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Some mechanical properties of Recycled HDPE treated with SiC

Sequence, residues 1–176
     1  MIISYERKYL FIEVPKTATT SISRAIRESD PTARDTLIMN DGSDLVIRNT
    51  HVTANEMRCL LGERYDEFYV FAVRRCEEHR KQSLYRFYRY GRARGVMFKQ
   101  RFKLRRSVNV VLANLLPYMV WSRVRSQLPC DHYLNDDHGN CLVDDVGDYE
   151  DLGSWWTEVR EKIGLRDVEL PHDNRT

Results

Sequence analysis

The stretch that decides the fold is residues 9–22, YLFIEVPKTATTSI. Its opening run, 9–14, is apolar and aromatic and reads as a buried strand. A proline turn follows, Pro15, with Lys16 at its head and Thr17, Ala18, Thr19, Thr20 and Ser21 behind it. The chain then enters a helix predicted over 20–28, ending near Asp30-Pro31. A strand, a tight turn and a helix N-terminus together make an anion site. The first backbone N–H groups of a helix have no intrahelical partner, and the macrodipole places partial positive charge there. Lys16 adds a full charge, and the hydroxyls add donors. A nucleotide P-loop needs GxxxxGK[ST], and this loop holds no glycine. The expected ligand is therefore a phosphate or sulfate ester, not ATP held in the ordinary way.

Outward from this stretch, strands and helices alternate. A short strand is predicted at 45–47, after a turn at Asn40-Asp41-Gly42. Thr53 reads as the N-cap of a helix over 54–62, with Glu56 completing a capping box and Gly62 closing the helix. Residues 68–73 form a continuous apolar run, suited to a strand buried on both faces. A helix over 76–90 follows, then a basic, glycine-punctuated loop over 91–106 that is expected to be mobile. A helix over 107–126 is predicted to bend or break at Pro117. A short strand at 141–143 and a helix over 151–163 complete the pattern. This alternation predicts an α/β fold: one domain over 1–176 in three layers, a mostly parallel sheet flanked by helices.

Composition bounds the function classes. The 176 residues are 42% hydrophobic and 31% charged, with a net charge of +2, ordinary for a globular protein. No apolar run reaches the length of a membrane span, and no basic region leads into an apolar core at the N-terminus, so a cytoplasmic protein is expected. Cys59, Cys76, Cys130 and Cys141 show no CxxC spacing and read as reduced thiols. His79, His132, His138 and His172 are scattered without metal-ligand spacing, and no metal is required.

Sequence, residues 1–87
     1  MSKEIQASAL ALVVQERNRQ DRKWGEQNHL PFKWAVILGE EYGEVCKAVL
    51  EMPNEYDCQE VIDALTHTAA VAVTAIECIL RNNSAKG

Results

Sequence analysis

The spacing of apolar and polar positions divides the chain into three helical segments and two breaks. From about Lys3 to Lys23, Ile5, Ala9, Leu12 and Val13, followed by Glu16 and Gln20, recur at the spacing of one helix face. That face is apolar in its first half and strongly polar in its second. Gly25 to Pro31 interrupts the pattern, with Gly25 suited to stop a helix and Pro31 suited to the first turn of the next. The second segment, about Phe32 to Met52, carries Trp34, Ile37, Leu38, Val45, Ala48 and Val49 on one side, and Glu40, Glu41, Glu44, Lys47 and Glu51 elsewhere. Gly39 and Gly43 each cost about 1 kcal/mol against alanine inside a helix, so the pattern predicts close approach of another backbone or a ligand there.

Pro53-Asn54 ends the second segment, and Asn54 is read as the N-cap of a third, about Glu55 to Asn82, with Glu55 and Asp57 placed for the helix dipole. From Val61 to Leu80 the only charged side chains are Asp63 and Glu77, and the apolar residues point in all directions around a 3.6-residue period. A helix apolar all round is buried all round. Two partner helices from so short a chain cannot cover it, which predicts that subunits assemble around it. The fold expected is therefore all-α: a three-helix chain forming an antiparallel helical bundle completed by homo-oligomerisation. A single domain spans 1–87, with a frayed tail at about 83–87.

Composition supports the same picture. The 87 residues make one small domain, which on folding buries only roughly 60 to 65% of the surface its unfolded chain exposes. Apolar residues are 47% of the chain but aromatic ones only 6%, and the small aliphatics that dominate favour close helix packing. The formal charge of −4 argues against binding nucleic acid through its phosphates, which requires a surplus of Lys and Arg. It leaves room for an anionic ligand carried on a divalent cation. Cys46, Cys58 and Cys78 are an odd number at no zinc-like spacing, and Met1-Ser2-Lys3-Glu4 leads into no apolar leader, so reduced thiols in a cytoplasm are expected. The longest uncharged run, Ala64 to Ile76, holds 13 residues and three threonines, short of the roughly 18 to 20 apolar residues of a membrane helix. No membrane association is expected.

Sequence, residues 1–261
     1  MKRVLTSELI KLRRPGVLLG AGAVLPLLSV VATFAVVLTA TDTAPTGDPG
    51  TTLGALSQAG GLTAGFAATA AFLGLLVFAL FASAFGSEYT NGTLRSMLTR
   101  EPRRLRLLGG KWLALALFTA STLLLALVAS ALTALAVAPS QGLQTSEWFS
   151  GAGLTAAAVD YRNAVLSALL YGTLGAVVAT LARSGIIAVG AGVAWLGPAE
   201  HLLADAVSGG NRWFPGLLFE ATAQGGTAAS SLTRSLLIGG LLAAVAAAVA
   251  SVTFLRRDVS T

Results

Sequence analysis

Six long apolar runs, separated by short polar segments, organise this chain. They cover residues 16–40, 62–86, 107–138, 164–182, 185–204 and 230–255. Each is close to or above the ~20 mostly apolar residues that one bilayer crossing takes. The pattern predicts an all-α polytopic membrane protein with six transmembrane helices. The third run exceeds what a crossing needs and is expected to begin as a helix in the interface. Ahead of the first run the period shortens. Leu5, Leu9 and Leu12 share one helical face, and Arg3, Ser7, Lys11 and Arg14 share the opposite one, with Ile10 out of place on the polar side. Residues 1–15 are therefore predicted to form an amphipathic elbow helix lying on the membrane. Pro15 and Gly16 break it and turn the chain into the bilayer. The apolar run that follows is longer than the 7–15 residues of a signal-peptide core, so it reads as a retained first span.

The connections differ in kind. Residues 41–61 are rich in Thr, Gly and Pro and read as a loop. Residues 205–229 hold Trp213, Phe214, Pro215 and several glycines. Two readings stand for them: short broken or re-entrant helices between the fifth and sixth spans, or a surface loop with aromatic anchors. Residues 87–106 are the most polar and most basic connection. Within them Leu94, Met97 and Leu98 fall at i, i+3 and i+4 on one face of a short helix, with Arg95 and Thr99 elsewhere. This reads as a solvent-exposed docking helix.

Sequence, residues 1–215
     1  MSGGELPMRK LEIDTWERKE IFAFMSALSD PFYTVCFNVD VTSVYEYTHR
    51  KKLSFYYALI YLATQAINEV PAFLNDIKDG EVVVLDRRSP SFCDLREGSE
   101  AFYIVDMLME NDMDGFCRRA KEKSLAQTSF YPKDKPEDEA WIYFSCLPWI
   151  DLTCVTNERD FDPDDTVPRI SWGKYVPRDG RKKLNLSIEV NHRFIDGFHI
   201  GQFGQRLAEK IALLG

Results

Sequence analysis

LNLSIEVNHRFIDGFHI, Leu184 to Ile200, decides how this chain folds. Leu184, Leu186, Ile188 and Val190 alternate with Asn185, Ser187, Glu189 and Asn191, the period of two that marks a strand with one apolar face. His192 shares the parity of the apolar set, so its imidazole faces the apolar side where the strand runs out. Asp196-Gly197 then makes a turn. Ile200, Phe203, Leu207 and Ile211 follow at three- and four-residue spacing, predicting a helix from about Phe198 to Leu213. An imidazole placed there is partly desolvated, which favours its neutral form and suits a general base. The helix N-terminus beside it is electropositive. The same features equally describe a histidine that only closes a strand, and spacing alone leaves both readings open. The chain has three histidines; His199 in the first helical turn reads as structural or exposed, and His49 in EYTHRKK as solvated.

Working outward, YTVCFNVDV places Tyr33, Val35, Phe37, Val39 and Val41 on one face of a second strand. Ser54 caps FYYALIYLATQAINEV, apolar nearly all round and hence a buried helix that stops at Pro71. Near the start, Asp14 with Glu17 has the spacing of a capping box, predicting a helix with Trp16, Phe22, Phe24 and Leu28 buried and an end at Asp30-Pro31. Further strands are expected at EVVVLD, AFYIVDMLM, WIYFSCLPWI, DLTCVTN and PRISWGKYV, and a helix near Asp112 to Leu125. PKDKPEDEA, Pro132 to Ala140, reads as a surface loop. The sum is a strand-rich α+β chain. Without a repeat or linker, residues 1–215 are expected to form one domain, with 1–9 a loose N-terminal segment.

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  • Save International Journal of M aterials and Chemistry 2013, 3(3): 45-50 DOI: 10.5923/j.ijmc.20130303.01 Some Mechanical Properties of SiC-Treated Recycled HDPE Ibitoye S. A.1, Ade leke A. A.1, Aramide F. O.2, Olawale J. O.1,*, Tiamiyu A. O.1, Oluwasegun K. M.1, Abdul-Karee m T. O.1, Shittu M. D.1 1Department of M aterials Science and Engineering Obafemi Awolowo University Ile-Ife, Nigeria 2Department of M etallurgical and M aterials Engineering Federal Univesity of Technology Akure, Nigeria Abstract This paper reports the mechanical properties of recycled High Density Polyethylene (reHDPE) blended with silicon carbide (SiC). Co mposite of SiC-reHDPE were prepared by blending SiC powder with reHDPE in a laboratory-sized mixer (Brabender Plasticorder 350E). Blend ratio of SiC/reHDPE was varied fro m 0/ 100, 5/ 95, 10/ 90 and 15/85. After mixing, some of the samples were shaped in a compression mould for tensile test specimens while other were extruded to diameter 15 mm rods fro m which Izod impact test specimens were mach ined. The prepared samp les were then tested for tensile and impact strength. Results obtained show that the addition of SiC to reHDPE g ives rise to improved tensile and impact strength, greater modulus of elasticity and increased stiffness. The brittleness however increased and ductility reduced. It was concluded that addition of SiC in the proportion of 5% to 15% improved some mechanica l properties of reHDPE. Keywords HDPE, Strain, St rength, Stress 1. Introduction Although many types of plastics may appear more expensive than some tradit ional materials, when the overall costs of production and accompanying properties are put into consideration, plastics are usually preferable. For these and other reasons, plastics are widely utilized and accepted among the basic engineering materials[1]. Plastics are generally strong, light, highly dielectric, workable, corrosion and chemical resistant, and durable. In addition, although the absolute mechanica l property values of plastics are less than those for metals, the lo w density of plastics means that their specific properties compare very favourably with other materials[2]. Plastic and plastic-based composites are at the centre of the search for alternative decking materials. Plastics abundance, ease of processing, and ability to mix with a wide variety of fillers along with a reasonable price make it a well suited material to replace pressure treated materials. Also, plastic-based replacement products are claimed to withstand temperature and moisture changes, insects and fungi attacks, and not to crack or splinter[3-5] Po ly et h y len e is mad e b y t h e p o ly me ri zat io n o f ethene/ethylene (CH2 = CH2)[6]. The chemical notation for the polymerizat ion of ethylene indicates a simp le reaction: n(CH2 = CH2) → (-CH2-CH2-)n (1) * Corresponding author: (Olawale J. O.) Published online at Copyright © 2013 Scientific & Academic Publishing. All Rights Reserved The properties and applications of this poly mer vary over wide ranges depending on the molecular weight, the method of manufacture, and differences in structure and density[7]. Ethylenes are of two basic forms, Lo w density polyethylene (LDPE) and High density polyethylene (HDPE). They both have the same chemical fo rmulas but differ in the density of their molecu lar chains due to the manner they are formed. In LDPE the chains have mu ltip le branches, which interfere with a neatly organized packing of chains. Th is occupies more space and thus results in a lower density. HDPE chain however, comprises essentially of one long continuous chain which allows the strands to fold back upon one another and densely occupy space. HDPE has good chemical resistance, impact resistance, high tensile strength and very low mo isture absorption capacity. It is stiffer, stronger, and less translucent than low-density polyethylene and is formed into grocery bags, car fuel tanks, packag ing, and piping[8]. It is used in pipe fittings, wear p lates, hinges, cutting boards, and excellent for food related products[9]. For the purpose of facilitating materials supply and allev iating resources depletion and also for conservation of energy, recycling of materials has become integral part of materials industry. The main goal of co mbin ing two or mo re polymers is to obtain a materia l with appropriate features and conditions for processing. Post-use polymers are mixed in order to recycle such materials, and to reduce the environmental impact generated by these solid residues. Plastics represent a serious environmental problem when they become waste at the end of their useful lifetimes[10]. However, recycling causes deterioration of poly mer 46 Ibitoye S. A. et al.: Some M echanical Properties of SiC-Treated Recycled HDPE mechanical propert ies resulting in p roduct of lower quality and subsequently less valuable[11]. Co mparison of blends of recycled high-density polyethylene (reHDPE) with 25 and 35 wt % expanded polystyrene (EPS) and blends of a virg in high-denisty polyethylene resin (VHDPE) shows that the crystallinity of reHDPE is significantly lower than that of VHDPE[12]. Hence, filler materials are added to poly mers to improve their mechanical properties, dimensional and thermal stability[13]. The use of natural organic fillers in addition to recycled polymers provides advantages in terms of cost, aesthetic properties and environmental impact [14-27]. The addition o f polar copoly mers (ethylene-co-acr ylic acid, ethylene-vinyl acetate) and a maleic anhydride-grafted-grafted polyethylene has led to imp roved mechanical properties[24]. The thermal conductivity and diffusivity of composite materials obtained by mixing HDPE with sufficient contents of metal powders (copper, iron, bronze, and zinc) has been reported to be superior to that of unfilled HDPE. For filler concentrations above 16%, the thermal conductivity of the composite materials increases with the increase in metal powder content[25]. It has also, been reported that innovative waste composite containing recycled HDPE strips could be used as a fracture-resistant material in civ il engineering construction [26]. The blend of HDPE with natural rubber powder (NRP) revealed that viscosity of resulting thermoplastic natural rubber (TPNR) increases continuously with increasing NRP content[27]. Blends of HDPE with recycled thermosetting filler, urea-formaldehyde grit (UFG), showed imp roved mechanical properties[28]. The tensile yield strength and tensile fracture strength of composite of HDPE-mica was found to increase nonlinearly, while flexural strength and flexu ral modulus increase linearly with increase in weight fraction of mica[16]. The inclusion of HDPE as fibers in a granular soil chemically stabilized with cement and fly ash was reported to have significantly enhances the overall toughness of the composite[22]. Binary and ternary b lends of the high viscosity recycled high-density polyethylene (reHDPE) fro m milk bottles, containing either ho mopoly mer polypropylene (PP) or copolymer polypropylene (COPP), showed very good mechanical properties, part icularly h igh strength while engendering lower viscosity than reHDPE[29]. The mechanical and rheological data showed that low-density polyethylene (LDPE) is a better mod ifier for reHDPE than linear-low-density polyethylene (LLDPE)[30]. Other filler materials applicable for poly mers among others include wood flour, fibre glass and talc. Although silicon carb ide (SiC) has found application in reinforcement of metals, its abrasive properties makes it a good candidate material fo r use in poly mers[6]. It is a chemical co mpound that forms e xtre mely hard, dark, iridescent crystals which a re insoluble in water and other common solvents[31]. For this reason, this study is set out to access the effect of SiC on tensile properties and impact strength of reHDPE. 2. Experimental Method Materials used were reHDPE granules obtained fro m post-consumer packaging materials with melt flow index 0.88 g/10 min, density 0.96 g/cm3 and thermal conductivity 0.505 W/ m·K; and SiC powder with the maximu m particle dimension of 100 μm. The co mposite of SiC-reHDPE were prepared by blending SiC powder with reHDPE in a laboratory-sized mixer (Brabender Plasticorder 350E). Blend ratio of SiC/ reHDPE was varied fro m 0/100, 5/95, 10/ 90 and 15/85. The mixing conditions were set as follo ws: fill factor = 0.8, intial chamber temperature = 130˚C, rotor speed = 40 rp m and mixing time = 15 min. After mixing, some of the samp les were shaped in a co mpression mould that has the shape of tensile test specimen shown in Figure 1 at 160˚C. The resulting co mposites were preheated in the mould for 4 min, then pressed for 5 min and finally cooled down. Necessary finishing was made and the samples were tested for tensile properties using Monsanto Tensometer mach ine. Figure 1. Dimension flat test specimen The remaining samp les after mixing were extruded to diameter 15 mm rods fro m which impact test samples were mach ined. The impact test samples were prepared according to Izod specimen (Figure 2). The Izod specimen has a round cross-section with a V-shaped notch. The depth of the notch is 3.3 mm and included angle is 45˚. Figure 2. Notched Izod specimen 3. Results and Discussion 3.1. Results International Journal of M aterials and Chemistry 2013, 3(3): 45-50 47 The average of three read ings for various parameters taken during the tensile tests for the prepared samples are presented in Table 1, the stress – strain relationships are presented in Figure 3. The changes in UTS and modulus of elasticity with changes in SiC content are presented in Figures 4 and 5 respectively while the percentage elongation and impact strength results are presented in Figures 6 and 7 res p ectiv ely . 3.2. Discussion of Results Plastic is preferab le in recycling process as it uses less energy and fewer resources. However, as earlier mentioned, recycling causes deterioration of poly mer mechanical properties resulting into products of lo wer quality and less valuable[11]. Th is is also evident from the various tensile and ductility test obtained (Figures 3 – 7). In all cases the reHDPE to wh ich nothing was added (with zero per cent SiC) shows inferior properties. Table 1. Average measured values for various parameters of tensile test specimens strength of the reHDPE increases as the SiC content also increases (Figure 4). HDPE with 0% SiC 2.5 HDPE with 5% SiC HDPE with 10% SiC HDPE with 15% SiC 2 Stress [N/mm2] 1.5 1 0.5 0 0 0.5 1 1.5 2 Strain Figure 3. Stress-strain curve for recycled HDPE containing different SiC cont ent Sample SiC (%) 1 L0 2 Lf 3∆L 4t 5W 6A0 (mm) (mm) (mm) (mm) (mm) (mm2) 2.5 HDPE 1 0.00 73.35 73.82 0.47 5.50 13.40 73.69 2 HDPE 2 5.00 72.10 72.48 0.38 5.87 12.60 73.91 HDPE 3 10.00 72.90 73.22 0.32 5.58 12.73 71.03 HDPE 4 15.00 73.10 74.33 0.24 5.47 12.97 70.82 1.5 Ultimate Tensile Strength [N/mm2] 1. Intial guage length 2. Length at fracture 3.Elongation 4. Thickness 5. Width 6. Original cross-sectional area 1 The results of the tensile tests showed that the greater the proportion of SiC powder in the blend, the higher the load required in fracturing the samp le (Figure 3). Similarly, the stress required to produce a given magnitude of deformation increases as the SiC contents in the reHDPE increases (Figure 3). In the elastic region of the stress – strain curve, a specimen returns to its original length if the load is removed prior to reaching the elastic limit[32]. This imp lies that all the samples produced deform elastically (Figures 3), just like many p lastics do[6].The rate of defo rmation, however, varies according to SiC content i.e. the higher the SiC content, the higher the deformation rate. Equilibriu m separation distance between molecules change during elastic deformation but since the atoms retain the same nearest neighbours during elastic deformat ion, there were no major changes in the shape of the specimen[32]. Accordingly, this is mo re pronounced in the samples with higher SiC content. The tensile strength of the reHDPE is also noted to increase as the SiC content increases (Figure 4). Since the condition under which they are produced are the same, the observed difference in the response to externally applied load can only be attributed to SiC powder added. Fro m Figure 4, it is derived that for every 1.00% addit ion of SiC to the reHDPE, its strength is raised by 0.038 N/ mm2 . Increase in the tensile upon the addition of SiC may be attributed to SiC acting as an additive in the reHDPE matrix which reinforces the HDPE matrix. For this reason the tensile 0.5 0 0 5 10 15 Silicon Carbide Content [wt%] Figure 4. Changes in ultimate tensile strength with increasing SiC content Fro m the slope of the stress-strain curve of the reHDPE (Figure 3), the modulus of elasticity is produced. The slope of each curve is very steep and becomes steeper as the SiC content increases. The slope of the curve in Figure 5 is about 24.70 N/ mm2/%, showing that increasing SiC content in reHDPE leads to an increase in the modulus of elasticity. The observed increment in modulus of elasticity may be as a result of change in the nature of bonding system of HDPE. The blend of HDPE with SiC possibly results in polymer-matrix co mposite (PM C) in which HDPE is the matrix and SiC reinfo rcement. At the interface, this may have produced an interfacial bonding due to the adhesion between the reinforcement and the matrix[33]. Consequently, a chemical bond is formed between the chemical grouping on the reinforcement surface (SiC) and a co mpatib le chemical group in the matrix (HDPE). A range of active functional groups like –CO2H, –C– OH and C=O can be produced at this interface[34]. Since bonding in SiC is 48 Ibitoye S. A. et al.: Some M echanical Properties of SiC-Treated Recycled HDPE covalent and we would therefore expect the strong bonding like this to give high strength with a high modulus. Mdulus of Elasticity [N/mm2] 700 600 500 400 300 200 100 0 0 5 10 15 Silicon Carbide Content [wt%] Figure 5. Changes in modulus of elasticity of recycled HDPE wih increasing SiC content Percentage Elongation [%] 0.7 0.6 0.5 0.4 0.3 0.2 0.1 0 0 5 10 15 Silicon Carbide Content [wt%] Figure 6. Changes in percentage elongation with increase in the SiC cont ent Impact strength [J/m2] 3 2.5 2 1.5 1 0.5 0 0 5 10 15 Silicon Carbide Content [wt%] Figure 7. Changes in Impact strength with increase in the SiC content The implication of the observed increase in the tensile modulus of this material as the silicon carbide content increases is that it develops more resistance to deformation as external load is applied. That is, though the strength increases as SiC content increase, the material is however not readily responsive to deformat ion been in itiated by the externally applied tensile loading. This becomes mo re obvious when the percentage elongation of the material is considered as the SiC content increases (Figure 6). This implies that the prepared poly mers are not readily defo rmed but provide resistance to deformation as the stress on them increases. Figure 6 reveals that deformation of only 0.02 is accomplished for every 1% addit ion of SiC before fracture occurs. That is, the reHDPE can only be stretched by 0.02% of its orig inal length before it breaks for every 1 wt.% SiC addition to it. The strength of polymers with a high degree of crystallinity is often limited by the size of voids that develop between neighbouring spherulites during the crystallization process[35]. It is possible that the SiC part icles b lended in the reHDPE filled such voids during crystallizat ion leading to an increase in strength and stiffness of the sample produced. Also, SiC is a very thin single crystal that have extremely large length-to-diameter ratios[34]. As a consequence of their size, they have a high degree of crystalline perfect ion and are virtually flaw free, which accounts for their exceptionally high strengths. Increasing value of the modulus of elasticity is an indicat ion of increasing stiffness of the material[13]. Th is imp lies that the elastic strain that results from the application of a given stress becomes smaller as the elastic modulus increases due to increasing SiC contents. The addition of SiC therefo re improves the stiffness of the reHDPE the extent of which depends on the quantity of the SiC in the recycled HDPE (Figure 6). The impact test results indicates that the total energy absorbed by reHDPE for fracture to take place decreases as the SiC content in the samples increases (Figure 7). That is, the energy absorbed in breaking the samples with SiC is lower than the samples with 100% recycled HDPE. The above behaviour of the prepared reHDPE shows that they are strong plastics with relat ively low impact strength with increase in SiC content. This makes the prepared reHDPE reinforced with SiC a suitable engineering material where high strength and stiffness are required. 4. Conclusions The addition of SiC to reHDPE at amb ient temperature improves its tensile strength while its ductility and impact strength decreases. The increase in strength arises as the SiC content in the reHDPE increases. The ductility and energy absorption capacity of the materia l however decreases as the SiC content increases. The treated recycled HDPE are said to be strong and stiff plastics the e xtent of which depends on the quantity of SiC in the HDPE matrix. 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